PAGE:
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Brute Force: Cracking the Data Encryption Standard

Matt Curtin
Springer Verlag
Publication Date: 
Number of Pages: 
[Reviewed by
Daniel Bilar
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Picture a hemisphere, over a mile high and two and a half miles wide, densely packed with hay... and your task is to locate one specific straw. Such was the challenge that the US-based DESCHALL project undertook in 1997. DESCHALL's goal was to search through 72 quadrillion keys to demonstrate the feasibility of a brute force attack on DES, a widely deployed, US government standard, 56-bit key symmetric encryption algorithm. Written by one of DESCHALL's project leaders, Brute Force is the surprisingly captivating account how thousands of volunteers, electronic civil libertarians and programmers organized themselves to successfully defeat DES.

Curtin starts off with the genesis of DES and moves on to document the 140 days of trials, tribulations and ultimate triumph of this massive collective effort. Although the unavoidable search progress metrics become tedious after a while, he manages to keep interest alive with a taut but lively prose, a focus on the human element of the story and his occasional digressions into the political battles over cryptography that raged during the late nineties. Furthermore, the non-technical reader will appreciate the evocative similes with which he illuminates technical terms and processes.

Perhaps most intriguing in Curtin's narrative are not the technical obstacles that had to be overcome, but the human and social aspect of divvying up the workload: Recruiting volunteers, keeping them motivated; and maybe most importantly, identifying dedicated personalities willing to lead from the 'bottom-up'.

Daniel Bilar has held visiting faculty appointments at Oberlin and Colby. He gets excited about teaching students and network security: risk analysis of networks, malicious code analysis and computer forensics. This interest was sparked at the Institute for Security and Technology Studies which conducts counter-terrorism technology research for the Department of Homeland Security. He has degrees from Brown University (BA, Computer Science), Cornell University (MEng, Operations Research and Industrial Engineering) and Dartmouth College (PhD, Engineering Sciences).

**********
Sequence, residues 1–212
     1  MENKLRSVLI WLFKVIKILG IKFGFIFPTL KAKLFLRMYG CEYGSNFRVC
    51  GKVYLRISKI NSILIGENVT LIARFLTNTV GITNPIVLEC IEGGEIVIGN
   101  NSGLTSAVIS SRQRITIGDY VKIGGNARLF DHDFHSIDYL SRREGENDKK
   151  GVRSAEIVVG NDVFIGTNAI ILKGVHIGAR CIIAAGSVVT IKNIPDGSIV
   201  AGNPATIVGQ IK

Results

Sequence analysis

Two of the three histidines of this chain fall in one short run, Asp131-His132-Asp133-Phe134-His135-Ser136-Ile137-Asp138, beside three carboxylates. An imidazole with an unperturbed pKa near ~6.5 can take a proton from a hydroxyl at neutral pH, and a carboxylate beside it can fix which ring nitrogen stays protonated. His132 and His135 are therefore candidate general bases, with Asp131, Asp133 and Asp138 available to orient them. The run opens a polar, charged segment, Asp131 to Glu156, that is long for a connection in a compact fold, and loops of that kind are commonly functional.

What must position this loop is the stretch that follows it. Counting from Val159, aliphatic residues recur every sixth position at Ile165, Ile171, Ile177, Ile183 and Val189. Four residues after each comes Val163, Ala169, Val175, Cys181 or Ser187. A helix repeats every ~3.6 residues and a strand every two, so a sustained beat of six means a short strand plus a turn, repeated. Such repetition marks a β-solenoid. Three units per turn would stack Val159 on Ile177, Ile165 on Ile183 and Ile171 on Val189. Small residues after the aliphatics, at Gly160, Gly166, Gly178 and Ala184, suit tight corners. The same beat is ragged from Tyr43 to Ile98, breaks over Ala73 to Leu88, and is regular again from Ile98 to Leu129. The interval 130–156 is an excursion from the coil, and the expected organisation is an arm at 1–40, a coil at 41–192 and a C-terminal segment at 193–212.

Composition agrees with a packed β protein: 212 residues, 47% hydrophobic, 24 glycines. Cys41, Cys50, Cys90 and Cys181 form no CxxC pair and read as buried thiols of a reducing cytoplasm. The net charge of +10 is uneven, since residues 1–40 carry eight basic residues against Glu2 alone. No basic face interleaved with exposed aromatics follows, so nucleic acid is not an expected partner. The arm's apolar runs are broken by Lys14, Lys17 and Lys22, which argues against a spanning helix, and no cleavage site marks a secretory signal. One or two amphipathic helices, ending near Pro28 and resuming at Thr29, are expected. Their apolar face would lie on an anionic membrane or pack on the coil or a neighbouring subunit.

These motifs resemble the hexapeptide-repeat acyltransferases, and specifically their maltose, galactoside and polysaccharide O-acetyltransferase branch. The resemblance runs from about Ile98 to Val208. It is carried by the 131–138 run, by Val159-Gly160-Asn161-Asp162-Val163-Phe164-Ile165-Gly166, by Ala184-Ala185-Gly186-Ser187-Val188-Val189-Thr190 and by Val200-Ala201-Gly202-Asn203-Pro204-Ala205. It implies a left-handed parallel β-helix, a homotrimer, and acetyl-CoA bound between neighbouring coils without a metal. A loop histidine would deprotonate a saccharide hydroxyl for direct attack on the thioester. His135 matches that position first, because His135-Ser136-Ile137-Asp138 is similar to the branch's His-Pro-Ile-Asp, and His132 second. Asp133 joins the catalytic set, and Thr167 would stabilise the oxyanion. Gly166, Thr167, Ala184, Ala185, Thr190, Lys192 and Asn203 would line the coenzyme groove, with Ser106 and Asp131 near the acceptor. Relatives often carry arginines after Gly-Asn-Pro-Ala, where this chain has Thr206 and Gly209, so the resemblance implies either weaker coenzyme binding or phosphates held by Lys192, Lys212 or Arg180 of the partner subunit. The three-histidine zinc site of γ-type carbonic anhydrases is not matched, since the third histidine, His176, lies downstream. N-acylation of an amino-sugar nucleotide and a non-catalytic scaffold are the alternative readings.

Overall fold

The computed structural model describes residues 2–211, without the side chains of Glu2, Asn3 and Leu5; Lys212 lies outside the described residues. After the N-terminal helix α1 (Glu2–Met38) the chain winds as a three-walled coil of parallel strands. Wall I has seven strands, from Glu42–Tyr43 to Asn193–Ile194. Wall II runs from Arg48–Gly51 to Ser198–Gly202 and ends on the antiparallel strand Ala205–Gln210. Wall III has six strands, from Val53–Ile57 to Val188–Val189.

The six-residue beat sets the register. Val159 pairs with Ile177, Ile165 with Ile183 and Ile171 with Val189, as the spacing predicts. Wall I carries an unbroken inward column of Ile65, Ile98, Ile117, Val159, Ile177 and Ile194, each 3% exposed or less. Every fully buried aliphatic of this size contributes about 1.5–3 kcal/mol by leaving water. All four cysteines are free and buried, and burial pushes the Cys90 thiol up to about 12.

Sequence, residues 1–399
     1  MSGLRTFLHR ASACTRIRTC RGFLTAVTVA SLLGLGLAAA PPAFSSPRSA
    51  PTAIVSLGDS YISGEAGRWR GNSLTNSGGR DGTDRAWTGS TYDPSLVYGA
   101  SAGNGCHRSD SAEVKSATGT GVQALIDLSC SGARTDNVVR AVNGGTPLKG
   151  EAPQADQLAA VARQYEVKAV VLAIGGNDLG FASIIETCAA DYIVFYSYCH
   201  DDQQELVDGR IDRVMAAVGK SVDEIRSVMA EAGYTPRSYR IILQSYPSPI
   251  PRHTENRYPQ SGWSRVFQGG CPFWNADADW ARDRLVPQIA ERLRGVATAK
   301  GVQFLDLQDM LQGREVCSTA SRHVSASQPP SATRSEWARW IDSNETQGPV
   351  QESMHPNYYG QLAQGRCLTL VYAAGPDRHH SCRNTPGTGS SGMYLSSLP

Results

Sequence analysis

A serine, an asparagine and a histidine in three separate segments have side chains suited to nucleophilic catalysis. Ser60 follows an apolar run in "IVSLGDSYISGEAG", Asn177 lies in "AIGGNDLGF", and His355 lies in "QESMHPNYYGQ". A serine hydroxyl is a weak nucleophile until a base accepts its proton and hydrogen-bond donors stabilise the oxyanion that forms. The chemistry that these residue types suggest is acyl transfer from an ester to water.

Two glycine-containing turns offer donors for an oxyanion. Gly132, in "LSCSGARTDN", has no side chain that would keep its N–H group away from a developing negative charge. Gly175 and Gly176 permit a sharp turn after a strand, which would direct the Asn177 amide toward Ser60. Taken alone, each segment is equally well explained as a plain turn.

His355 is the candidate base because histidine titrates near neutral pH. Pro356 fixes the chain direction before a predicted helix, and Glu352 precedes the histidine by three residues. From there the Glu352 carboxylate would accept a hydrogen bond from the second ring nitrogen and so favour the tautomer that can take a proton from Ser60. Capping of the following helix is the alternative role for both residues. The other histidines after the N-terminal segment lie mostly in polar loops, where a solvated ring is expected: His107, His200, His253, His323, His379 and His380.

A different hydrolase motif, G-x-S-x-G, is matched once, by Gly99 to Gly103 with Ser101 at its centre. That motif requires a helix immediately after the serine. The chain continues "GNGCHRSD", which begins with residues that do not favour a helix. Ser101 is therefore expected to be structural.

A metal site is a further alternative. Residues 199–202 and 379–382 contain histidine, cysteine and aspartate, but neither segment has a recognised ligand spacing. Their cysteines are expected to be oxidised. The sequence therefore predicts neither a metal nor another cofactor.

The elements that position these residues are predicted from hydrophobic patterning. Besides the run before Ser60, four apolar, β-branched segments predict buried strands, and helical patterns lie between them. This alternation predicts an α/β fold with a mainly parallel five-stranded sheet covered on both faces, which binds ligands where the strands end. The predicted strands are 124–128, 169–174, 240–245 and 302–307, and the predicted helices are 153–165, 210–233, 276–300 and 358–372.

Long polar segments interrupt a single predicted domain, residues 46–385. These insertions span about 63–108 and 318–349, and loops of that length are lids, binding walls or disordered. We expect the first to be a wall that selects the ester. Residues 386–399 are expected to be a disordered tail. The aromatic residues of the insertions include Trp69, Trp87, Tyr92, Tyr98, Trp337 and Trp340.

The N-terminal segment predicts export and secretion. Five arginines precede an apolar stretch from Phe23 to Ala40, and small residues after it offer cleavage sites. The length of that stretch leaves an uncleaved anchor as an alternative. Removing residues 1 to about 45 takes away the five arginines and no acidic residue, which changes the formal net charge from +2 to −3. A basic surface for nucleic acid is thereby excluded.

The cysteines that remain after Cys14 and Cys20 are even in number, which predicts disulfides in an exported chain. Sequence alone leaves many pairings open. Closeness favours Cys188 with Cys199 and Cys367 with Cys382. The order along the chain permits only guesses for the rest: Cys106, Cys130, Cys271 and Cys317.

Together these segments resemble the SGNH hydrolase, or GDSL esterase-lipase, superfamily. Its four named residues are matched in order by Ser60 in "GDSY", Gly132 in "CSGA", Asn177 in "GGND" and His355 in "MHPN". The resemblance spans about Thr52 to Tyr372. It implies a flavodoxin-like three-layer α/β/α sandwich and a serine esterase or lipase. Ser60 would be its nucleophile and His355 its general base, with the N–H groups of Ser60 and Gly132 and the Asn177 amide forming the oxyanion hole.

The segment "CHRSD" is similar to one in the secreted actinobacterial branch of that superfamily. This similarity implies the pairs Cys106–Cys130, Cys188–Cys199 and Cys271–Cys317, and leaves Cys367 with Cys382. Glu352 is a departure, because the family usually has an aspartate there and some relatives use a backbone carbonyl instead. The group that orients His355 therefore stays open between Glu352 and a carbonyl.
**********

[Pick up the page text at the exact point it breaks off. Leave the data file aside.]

1. 90MHZ Pentium

2. Data Encryption Standard

3. Key Length

3.1 Symmetric Cryptography

3.2 Codes

3.3. Susceptibility to Brute Force Attacks

3.4 Substitution Ciphers

3.5 Asymetric Cryptography

4. RSA Crypto Challenge

5. Law Enforcement Concerns

6. Supercomputer

7. Show Me the Code

8. Project Follows Code

9. Organizing DESCHALL

10. Announcing DESCHALL

11. Getting Attention

12. Front Running

13. Haystack

14. Clients

14.1 Verser DES Key Search Method

14.2 More Speed for Intel

15. Architecture

15.1 Boot Disks

15.2 Client Management

15.3 Dialup Users

15.3.1. Dialup in Windows

15.3.2. Dialup in OS/2

16. Every Machine Counts

17. Competition

18. Summer Vacation

19. 100% CPU


21. Requests

22. Perseverance

23. Network

24. Download

25. SolNET

26. Get Off Your Duff

27. Short Circuit

28. Media

29. Volume

30. Too Much Is Never Enough

31. Proposal

32. In the Lead

33. Recruit

34. SolNET Drops Off

35. Threats

36. Crypto News

37. Rivalry

38. Overdrive

39. Disturbed

40. Back Door

41. Second Stage

42. Obstacle


44. Export

45. Keeping It Together

46. Getting Word Out

47. No DESCHALL Here

48. Schedule

49. SolNET Stumbles

50. A Few Hundred Clients

51. New Statistics

52. Bitslice

53. Crypto Battle

54. SolNET Recovers

55. Server Outrage

56. SGI

57. Netlag

58. Terminal Velocity

59. Photoshoot

60. Integrity

61. Workaround

62. Morale

63. Strong Cryptography Makes the World a Safer Place

64. Talking Head

65. Effect

66. Saying the Course

67. Five Years Later

68. Next Steps

68.1 Other Stuff